Perspectives on the new school year

A freshman and senior share their thoughts on adjusting to college and preparing to enter the real world.


Job Ang

Robert Rodriguez, a Cinema and Media Arts major, is excited for his first semester at Biola. He is ready to confidently walk into new experiences, new challenges and a new community. | Tyler Otte/THE CHIMES

Tonika Reed, Writer

With the coming of each school year, many Biola students experience the joys and fears of being a first year student and adjusting to college life, as well as being a senior, graduating, and entering into what some call the real world. To explore the dichotomy of these two experiences, Jacqueline Rice, a graduating senior, shares about her plans for this year and her upcoming career and Robert Rodriguez, an incoming freshman, shares about what he plans to learn here and beyond.

Robert Rodriguez

Robert Rodriguez is extremely excited to start his new life as an incoming college student. He plans using his major in Cinema and Media Arts to not be an average Biola student.

“I don’t want to live an average life,” Rodriguez said. “I want to live radically. I want to travel the world. Some people think being comfortable and secure is pleasurable, whereas I don’t sit comfortably with my life being planned out. I’ve spent too many years in the comfort zone.”

Rodriguez’s philosophy is that life is about faith and believing in the unseen. Fascinated by the mystery of life, he described how security in the form of monotony is not always best.

“I think life is about the risk worth taking…Life is about faith and not knowing what’s secure” Rodriguez said.

Although Rodriguez is definitely a risk taker, he is a little worried about failing.

“I’m worried about growing up too fast and or failing to make the best of my college life. I don’t want to miss out on any opportunities.”

“I would like to influence pop culture and media in any possible capacity,” Rodriguez said. “I want somebody to consider change and not feel like change is being forced upon them.”

Rodriguez said that the thing he enjoys most about Biola is the community. Also, Rodriguez said that his journey to Biola was not really a journey in which he saw growth, but he feels that God allowing him to attend Biola was helpful for his growth as a person.

“I feel like coming here there wasn’t necessarily a growth but there has clearly been water,” Rodriguez said.

Ready to grow into the person that God has intended him to be, Rodriguez feels that he needs to overcome fear the most.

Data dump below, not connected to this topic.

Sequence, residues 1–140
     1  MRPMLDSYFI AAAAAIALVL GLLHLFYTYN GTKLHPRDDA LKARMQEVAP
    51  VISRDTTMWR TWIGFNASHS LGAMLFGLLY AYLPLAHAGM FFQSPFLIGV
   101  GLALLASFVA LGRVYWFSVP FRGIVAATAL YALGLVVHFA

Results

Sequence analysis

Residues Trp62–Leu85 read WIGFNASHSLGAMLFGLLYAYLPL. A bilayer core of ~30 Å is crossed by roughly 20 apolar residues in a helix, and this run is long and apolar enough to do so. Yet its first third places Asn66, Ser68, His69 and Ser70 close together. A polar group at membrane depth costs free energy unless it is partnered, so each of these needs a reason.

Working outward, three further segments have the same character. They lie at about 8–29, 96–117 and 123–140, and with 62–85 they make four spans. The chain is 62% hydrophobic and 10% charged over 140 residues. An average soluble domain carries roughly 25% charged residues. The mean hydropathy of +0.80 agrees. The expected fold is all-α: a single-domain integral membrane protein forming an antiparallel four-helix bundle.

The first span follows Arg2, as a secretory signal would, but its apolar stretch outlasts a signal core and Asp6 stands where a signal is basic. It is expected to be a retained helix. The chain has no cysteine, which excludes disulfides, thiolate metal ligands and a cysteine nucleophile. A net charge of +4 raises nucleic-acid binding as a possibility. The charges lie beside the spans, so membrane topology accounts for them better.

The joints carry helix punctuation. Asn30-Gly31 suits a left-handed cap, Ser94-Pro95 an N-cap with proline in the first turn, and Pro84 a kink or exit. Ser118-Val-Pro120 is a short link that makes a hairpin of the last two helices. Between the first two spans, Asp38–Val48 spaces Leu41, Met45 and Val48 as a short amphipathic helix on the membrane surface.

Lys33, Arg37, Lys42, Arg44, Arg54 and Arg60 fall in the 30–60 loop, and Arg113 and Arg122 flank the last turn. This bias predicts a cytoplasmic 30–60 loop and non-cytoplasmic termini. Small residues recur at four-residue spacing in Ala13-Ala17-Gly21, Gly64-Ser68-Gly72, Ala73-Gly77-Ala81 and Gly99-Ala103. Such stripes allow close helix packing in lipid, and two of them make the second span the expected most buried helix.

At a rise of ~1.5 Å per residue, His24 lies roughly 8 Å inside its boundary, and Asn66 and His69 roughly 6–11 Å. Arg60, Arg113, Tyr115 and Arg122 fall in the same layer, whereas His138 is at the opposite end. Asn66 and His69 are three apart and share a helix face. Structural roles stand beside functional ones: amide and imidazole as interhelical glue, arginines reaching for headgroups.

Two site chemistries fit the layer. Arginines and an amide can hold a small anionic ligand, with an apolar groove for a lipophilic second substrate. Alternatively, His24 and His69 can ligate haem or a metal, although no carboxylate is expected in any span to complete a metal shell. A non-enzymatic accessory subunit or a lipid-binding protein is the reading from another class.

“I have to overcome being more independent and more responsible.”
Although Rodriguez dreams big, he realizes there are little steps to getting where he wants to be in his career. The thing he looks forward to learning most at Biola is truth.

“I look forward to learning the truth either directly or indirectly through the knowledge I gain here,” Rodriguez said.

Rodriguez’s advice to any incoming freshman and fellow students is to be yourself.

“It almost sounds cliché, but confidence is key,” Rodriguez said. “Strip yourself of all biases and fear that bind you, and that are creating a front. Just be who you are, because if you can achieve that you can achieve anything.”

Jacqueline Rice

Rice is excited about starting her senior year and is most looking forward to living in Alpha Hall.

“I’m most excited to build community this year,” Rice said.

She entered Biola as a junior transfer student, previously attending Glendale Community College in Arizona.

“I’ve always been passionate about kids,” Rice said.

Rice aspires to make an impact in the community of her hometown. Rice feels comforted in knowing that as a school psychologist she will be able to influence people for God’s glory.

“I see the school as a middle between home and church,” Rice said.

Rice decided to come to Biola because she believes it integrates Christian values and quality education well. Integration, for Rice, means seeing both the educational and Christian side of things. Rice’s favorite Bible classes were Biblical Interpretation and Spiritual Formation with professor Frank Winans and Theology I with professor Erik Thoennes.

Through learning more about spiritual disciplines, Rice’s spiritual life has deepened.

“Being at Biola has made me go further into my relationship with God,” Rice said.

“I’ve learned how to look at my faith with my own opinions and not be fed the exact ideals of my church,” Rice said.

When Rice graduates she is going to miss the people, the Bible classes and chapel. She plans to become a substitute teacher in Arizona until she can get her master’s degree. Her advice to a freshman would be to create a healthy medium between school and fun.

“Go to chapel, do your reading, and realize that you’re here for school, and to have fun, so there needs to be a good balance,” Rice said.

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